But a careful examination of the terminology of “repeal” and “decriminalization” reveals the two things are not identical – or even similar. “Repeal” denotes a removal of all punishment entirely. “Decriminalization” indicates only that there will be no criminal punishments associated with the activity that is decriminalized. Under decrim, there may be “non-criminal” punishments every bit as horrific as the criminal punishments. In fact, if you inspect closely every version of decrim, you will find that most versions involve “net-widening” and an increase in the amount of punishment being handed out.
Ms. Pepper has ignored this fact and continues to this day to use the term “decriminalization” to describe repeal efforts. She has also ignored the glaring problems of the repeal initiative that she has publicly endorsed, the Repeal Cannabis Prohibition Act (RCP), while at the same time ignoring the clear advantages of the Regulate Marijuana Like Wine Act (RMLW), namely, that
1) There is a glaring omission in RCP that would leave everyone vulnerable to arrest, that
2) RMLW would repeal felony convictions for minors and replace felonies with fines instead. RCP would not, that
3) Only RMLW would prohibit local jurisdictions from banning or taxing dispensaries or instituting discriminatory licensing practices. RCP would not, that
4) Only RMLW would explicitly prohibit the monopolization of the cannabis industry with a prohibition on Genetically Modified cannabis. RCP would not, and that
5) Only the model represented by RMLW enjoys over 62% support in California polls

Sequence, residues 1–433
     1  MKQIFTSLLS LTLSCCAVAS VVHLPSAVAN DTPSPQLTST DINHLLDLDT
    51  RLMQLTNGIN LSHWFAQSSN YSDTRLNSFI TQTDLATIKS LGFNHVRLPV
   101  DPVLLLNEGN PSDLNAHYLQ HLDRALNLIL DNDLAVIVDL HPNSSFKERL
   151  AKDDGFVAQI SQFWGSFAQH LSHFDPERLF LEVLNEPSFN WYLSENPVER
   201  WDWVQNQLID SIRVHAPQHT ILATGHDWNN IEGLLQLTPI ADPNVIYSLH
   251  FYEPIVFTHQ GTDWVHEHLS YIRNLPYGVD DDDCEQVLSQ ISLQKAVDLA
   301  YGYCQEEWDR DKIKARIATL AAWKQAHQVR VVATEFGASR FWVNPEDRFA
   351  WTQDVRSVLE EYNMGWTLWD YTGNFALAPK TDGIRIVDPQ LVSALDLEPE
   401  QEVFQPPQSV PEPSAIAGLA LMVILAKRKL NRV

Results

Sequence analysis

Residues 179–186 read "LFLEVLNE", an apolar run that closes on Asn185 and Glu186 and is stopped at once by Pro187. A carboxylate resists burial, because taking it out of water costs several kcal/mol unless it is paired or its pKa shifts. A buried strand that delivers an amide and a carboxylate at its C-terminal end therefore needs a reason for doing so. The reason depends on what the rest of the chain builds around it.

Ms. Pepper says she is against getting “caught up in the trap of careless use of language” (Apr 2, 2011 at 2:40 PM). She should immediately stop confusing repeal with decriminalization.
And you don’t even have to falsely claim that “marijuana is like alcohol!” in order to do so! [Letitia Pepper, Apr 2, 2011]
Clearly, marijuana is not like alcohol in it’s toxicity, it’s overdose-death potential, it’s withdrawal symptoms, it’s connection to violence, or vehicular mayhem or hangovers.
But marijuana is like alcohol in that both have long-standing sacramental and medicinal histories, both are massive sections of the California economy, both have had movements behind them to re-legalize them as a result of prohibition, both can impair bodily functions and judgment (especially among novice users) and both can put the fear into anxious parents who, for the most part, insist on their children abstaining from use – at the very least until their mid teens, and often until they become 21.
It is this last set of similarities that has no doubt resulted in polling for “regulation” to be at 62% and “legalization” at 46%: